Dec 01, 2017

Retirement Villages Approaching Capacity – Where Will Our Seniors Live?

Occupancy of retirement villages in Australia is close to capacity, highlighting the forthcoming shortage of age appropriate housing for senior Australians in their local communities, according to new data.

The results of the annual PwC/Property Council Retirement Census show increasing numbers of older Australians are choosing to live in a retirement village, and taking advantage of hotel-style services, visiting health professionals and cash left over from the sale of their family home.

Through 2016, retirement villages across the nation were almost at their practical capacity of 93 per cent occupancy, and with the 65+ population set to grow by 5 million in the next 40 years, it is clear many seniors won’t be able to access the benefits of retirement village living in the future without significant shifts in policy.

Ben Myers, Executive Director – Retirement Living at the Property Council of Australia, said urgent action was needed at a state government level to encourage the development of new retirement villages in all our major cities.

“Nearly 200,000 senior Australians have made the informed choice to choose retirement village living, and this number is set to grow sharply in the coming decade,” Mr Myers said.

“Research shows retirement villages extend people’s ability to live independently within a secure community and, on average, access more than $200,000 in capital from the sale of their home to use how they wish.

“It is clear however that without significant improvements in state planning policy, many seniors won’t be able to access these benefits in coming years – we are facing an imminent capacity crisis.

“Many existing homes just aren’t suitable for our seniors to ‘age in place’; often they are older, contain trip hazards and very difficult to maintain. There must be more housing options for senior Australians, especially in our biggest cities where demand is at its highest, so people can live independently for longer.

“We are currently conducting research into planning barriers that are stifling the development of new retirement living accommodation and look forward to working with states to urgently solve this bottleneck.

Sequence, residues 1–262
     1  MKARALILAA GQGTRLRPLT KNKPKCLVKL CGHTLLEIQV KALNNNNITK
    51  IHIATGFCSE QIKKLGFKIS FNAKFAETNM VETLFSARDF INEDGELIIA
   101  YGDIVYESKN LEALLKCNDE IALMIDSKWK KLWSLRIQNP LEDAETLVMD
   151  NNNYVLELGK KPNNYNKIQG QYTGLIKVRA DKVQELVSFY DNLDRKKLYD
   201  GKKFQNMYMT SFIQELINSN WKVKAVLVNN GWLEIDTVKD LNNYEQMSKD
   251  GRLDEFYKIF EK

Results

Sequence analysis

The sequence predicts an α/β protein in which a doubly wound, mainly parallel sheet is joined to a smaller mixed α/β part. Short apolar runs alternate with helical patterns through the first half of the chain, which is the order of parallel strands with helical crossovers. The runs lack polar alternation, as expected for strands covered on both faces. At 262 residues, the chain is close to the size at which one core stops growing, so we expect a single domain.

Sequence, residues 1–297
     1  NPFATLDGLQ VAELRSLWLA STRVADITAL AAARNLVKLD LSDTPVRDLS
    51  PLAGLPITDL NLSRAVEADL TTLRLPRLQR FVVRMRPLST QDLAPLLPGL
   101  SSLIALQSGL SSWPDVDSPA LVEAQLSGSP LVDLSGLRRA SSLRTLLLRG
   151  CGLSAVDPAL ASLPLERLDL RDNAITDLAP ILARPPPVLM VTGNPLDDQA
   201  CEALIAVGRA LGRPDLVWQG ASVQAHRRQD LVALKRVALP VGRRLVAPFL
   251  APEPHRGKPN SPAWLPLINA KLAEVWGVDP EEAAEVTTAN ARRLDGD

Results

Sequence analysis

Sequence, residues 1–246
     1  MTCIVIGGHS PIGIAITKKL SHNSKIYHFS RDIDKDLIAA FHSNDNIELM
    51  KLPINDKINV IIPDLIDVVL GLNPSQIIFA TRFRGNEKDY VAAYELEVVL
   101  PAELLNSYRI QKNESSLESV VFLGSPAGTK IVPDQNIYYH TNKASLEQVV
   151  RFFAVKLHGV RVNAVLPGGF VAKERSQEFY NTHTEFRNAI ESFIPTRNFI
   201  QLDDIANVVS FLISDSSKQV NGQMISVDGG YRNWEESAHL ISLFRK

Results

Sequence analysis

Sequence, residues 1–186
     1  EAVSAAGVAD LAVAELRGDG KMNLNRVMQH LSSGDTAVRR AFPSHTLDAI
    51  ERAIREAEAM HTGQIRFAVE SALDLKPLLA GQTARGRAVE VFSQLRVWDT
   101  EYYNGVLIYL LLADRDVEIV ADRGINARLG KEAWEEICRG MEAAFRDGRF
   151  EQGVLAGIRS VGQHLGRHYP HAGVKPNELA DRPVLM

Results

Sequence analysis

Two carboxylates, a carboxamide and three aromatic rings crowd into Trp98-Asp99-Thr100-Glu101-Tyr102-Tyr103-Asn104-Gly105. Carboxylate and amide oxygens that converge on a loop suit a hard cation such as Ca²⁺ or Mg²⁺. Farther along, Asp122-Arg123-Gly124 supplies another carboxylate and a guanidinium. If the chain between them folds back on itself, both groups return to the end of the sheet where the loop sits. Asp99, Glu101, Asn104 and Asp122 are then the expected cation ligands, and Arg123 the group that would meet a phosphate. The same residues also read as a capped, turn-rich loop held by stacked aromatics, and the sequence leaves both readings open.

“While entry into retirement villages remains affordable, but a lack of supply will put upward pressure on prices and make access to villages for seniors much harder.”

PwC Real Estate Advisory Partner Tony Massaro says the PwC/Property Council Retirement Census shows retirement village accommodation continues to be an affordable option for the current generation of Australian seniors who, for the most part, own their own homes.

“The national average entry price for a two-bedroom unit is at $424,000. This is almost one third less than the median house price in the same postcode,” Mr Massaro said.

“Beyond affordability, retirement living accommodation is also increasingly connected to health and lifestyle services for senior residents. More than three quarters of villages surveyed host visiting health professionals, while 28 per cent have aged care within 500 metres of the village, up from 26 per cent last year, and 33 per cent of villages are operated by an approved provider for home care.

“Every city needs vibrancy, diversity, connectivity and inclusion to truly thrive, so it’s exciting to see senior living continuing to evolve to support these needs with a myriad of amenities and care options – from dining to healthcare services to organised social outings.

“As our population ages, and more of us work longer, our cities are going to need to work for senior Australians in ways they never have before.”

The Census also showed the wide variety of services and facilities available for residents to enjoy their retirement lifestyle; 91 per cent have community centres, 84 per cent organise regular community outings and social activities, and 68 per cent allow residents to have pets.

The full summary of figures from the 2017 PwC/Property Council Retirement Census can be found at Operators who own and/or manage more than 56,000 retirement living units participated in this year’s Census.

This article was originally published on The Property Council of Australia